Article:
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How would I use Regex to extract the body from a html doc, taking into account that the html and body tags might be in uppercase, lowercase or might not exist?

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Duplicate of stackoverflow.com/questions/356340/… ? –  M4N Jun 11 '09 at 17:35

3 Answers 3

up vote 9 down vote accepted

Don't use a regular expression for this - use something like the Html Agility Pack.

This is an agile HTML parser that builds a read/write DOM and supports plain XPATH or XSLT (you actually don't HAVE to understand XPATH nor XSLT to use it, don't worry...). It is a .NET code library that allows you to parse "out of the web" HTML files. The parser is very tolerant with "real world" malformed HTML. The object model is very similar to what proposes System.Xml, but for HTML documents (or streams).

Then you can extract the body with an XPATH.

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I agree. I've used this and must say it's fast, neat and clean. –  Saif Khan Jun 11 '09 at 17:46

How about something like this?

It captures everything between <body></body> tags (case insensitive due to RegexOptions.IgnoreCase) into a group named theBody.

RegexOptions.Singleline allows us to handle multiline HTML as a single string.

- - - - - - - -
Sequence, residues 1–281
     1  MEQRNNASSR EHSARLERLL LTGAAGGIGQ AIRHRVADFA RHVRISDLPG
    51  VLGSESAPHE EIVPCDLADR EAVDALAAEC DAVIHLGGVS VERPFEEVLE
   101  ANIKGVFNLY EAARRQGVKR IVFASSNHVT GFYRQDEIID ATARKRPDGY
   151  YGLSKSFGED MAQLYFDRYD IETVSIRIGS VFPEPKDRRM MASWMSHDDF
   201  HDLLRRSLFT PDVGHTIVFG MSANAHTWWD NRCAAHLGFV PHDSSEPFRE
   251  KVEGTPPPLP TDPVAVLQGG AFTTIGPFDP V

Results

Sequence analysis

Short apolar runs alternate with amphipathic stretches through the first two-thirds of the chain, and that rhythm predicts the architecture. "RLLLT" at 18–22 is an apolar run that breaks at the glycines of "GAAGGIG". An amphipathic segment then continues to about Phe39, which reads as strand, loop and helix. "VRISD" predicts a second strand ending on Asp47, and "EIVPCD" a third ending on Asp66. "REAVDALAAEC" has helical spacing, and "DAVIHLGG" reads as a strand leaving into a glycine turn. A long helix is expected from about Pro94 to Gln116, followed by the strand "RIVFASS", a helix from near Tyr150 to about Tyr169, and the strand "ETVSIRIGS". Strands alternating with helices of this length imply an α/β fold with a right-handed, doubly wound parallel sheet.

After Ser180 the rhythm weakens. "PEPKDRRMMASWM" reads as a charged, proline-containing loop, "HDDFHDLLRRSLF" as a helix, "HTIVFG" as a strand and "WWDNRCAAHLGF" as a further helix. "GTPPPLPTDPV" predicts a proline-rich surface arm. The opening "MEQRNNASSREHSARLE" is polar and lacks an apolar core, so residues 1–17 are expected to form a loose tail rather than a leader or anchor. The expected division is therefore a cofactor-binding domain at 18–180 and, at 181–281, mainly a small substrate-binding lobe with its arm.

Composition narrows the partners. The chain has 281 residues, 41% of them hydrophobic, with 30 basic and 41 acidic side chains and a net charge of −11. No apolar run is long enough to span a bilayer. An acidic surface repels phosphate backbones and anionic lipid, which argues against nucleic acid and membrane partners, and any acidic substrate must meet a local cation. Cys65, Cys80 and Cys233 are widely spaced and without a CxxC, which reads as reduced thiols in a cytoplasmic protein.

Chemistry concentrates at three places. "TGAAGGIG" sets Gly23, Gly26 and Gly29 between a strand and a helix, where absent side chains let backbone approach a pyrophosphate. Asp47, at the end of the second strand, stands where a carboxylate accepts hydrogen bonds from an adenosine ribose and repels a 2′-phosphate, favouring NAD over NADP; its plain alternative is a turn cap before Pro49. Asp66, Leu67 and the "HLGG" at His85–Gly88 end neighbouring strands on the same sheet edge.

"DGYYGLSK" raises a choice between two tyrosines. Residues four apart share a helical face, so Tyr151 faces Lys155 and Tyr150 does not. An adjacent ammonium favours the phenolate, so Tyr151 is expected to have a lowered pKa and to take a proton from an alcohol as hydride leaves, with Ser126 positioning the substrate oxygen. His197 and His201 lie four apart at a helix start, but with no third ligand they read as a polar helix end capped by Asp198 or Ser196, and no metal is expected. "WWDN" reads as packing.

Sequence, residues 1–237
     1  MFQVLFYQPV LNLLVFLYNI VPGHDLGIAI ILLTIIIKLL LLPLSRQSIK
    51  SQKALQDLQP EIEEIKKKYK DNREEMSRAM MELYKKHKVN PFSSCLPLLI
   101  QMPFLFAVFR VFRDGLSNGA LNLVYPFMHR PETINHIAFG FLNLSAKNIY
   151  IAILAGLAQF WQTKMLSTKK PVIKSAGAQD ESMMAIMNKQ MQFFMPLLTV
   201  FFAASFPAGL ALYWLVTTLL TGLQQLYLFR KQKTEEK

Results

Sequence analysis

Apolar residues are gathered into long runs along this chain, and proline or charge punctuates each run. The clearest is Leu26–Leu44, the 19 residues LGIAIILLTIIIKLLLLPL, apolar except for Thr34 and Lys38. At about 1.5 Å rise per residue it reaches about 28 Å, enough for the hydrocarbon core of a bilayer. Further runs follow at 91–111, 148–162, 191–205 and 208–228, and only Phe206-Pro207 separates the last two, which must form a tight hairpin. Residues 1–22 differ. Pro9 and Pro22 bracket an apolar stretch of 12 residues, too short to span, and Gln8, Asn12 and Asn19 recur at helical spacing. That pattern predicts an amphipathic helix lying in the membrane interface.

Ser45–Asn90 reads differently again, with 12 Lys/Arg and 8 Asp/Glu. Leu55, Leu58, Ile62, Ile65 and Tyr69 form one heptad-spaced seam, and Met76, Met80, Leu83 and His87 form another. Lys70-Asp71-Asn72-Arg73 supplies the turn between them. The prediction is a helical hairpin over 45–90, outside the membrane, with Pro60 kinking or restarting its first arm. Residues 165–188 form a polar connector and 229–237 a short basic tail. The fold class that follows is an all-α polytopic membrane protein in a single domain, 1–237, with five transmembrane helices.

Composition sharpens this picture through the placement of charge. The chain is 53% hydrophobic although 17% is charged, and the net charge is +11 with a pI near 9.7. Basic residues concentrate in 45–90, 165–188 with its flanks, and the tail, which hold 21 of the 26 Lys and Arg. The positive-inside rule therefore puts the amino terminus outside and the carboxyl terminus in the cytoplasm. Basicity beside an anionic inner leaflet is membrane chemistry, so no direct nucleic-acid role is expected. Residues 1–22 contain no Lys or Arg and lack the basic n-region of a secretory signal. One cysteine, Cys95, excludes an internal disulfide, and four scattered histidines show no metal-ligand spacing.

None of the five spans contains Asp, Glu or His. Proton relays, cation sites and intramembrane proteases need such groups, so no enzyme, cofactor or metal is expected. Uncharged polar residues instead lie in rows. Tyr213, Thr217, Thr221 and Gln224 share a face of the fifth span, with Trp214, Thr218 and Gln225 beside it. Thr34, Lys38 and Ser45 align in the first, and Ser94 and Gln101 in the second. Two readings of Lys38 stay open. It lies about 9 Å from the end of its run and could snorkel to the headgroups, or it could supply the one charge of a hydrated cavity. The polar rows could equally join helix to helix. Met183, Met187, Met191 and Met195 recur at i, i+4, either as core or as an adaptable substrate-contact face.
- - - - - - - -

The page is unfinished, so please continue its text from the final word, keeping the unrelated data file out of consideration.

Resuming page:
If the HTML does not contain <body></body> tags, the Success property of the match will be false.

        string html;

        // Populate the html string here

        RegexOptions options = RegexOptions.IgnoreCase | RegexOptions.Singleline;
        Regex regx = new Regex( "<body>(?<theBody>.*)</body>", options );

        Match match = regx.Match( html );

        if ( match.Success ) {
            string theBody = match.Groups["theBody"].Value;
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+1 for clean and neat solution –  aspdotnetcodebook.blogspot.com May 18 '11 at 17:33
Thank you! That's what I strive for. –  Darryl May 19 '11 at 4:38
Great, that does exactly what I needed. –  Nadjib Jan 17 '13 at 15:29
Thanks for answering the question! –  Lightweight Nov 4 '13 at 23:44
A good simple solution, but beware of body tags with spaces or attributes: < body id='content'> would not match –  Quango Dec 3 '13 at 16:17

This should get you pretty close:

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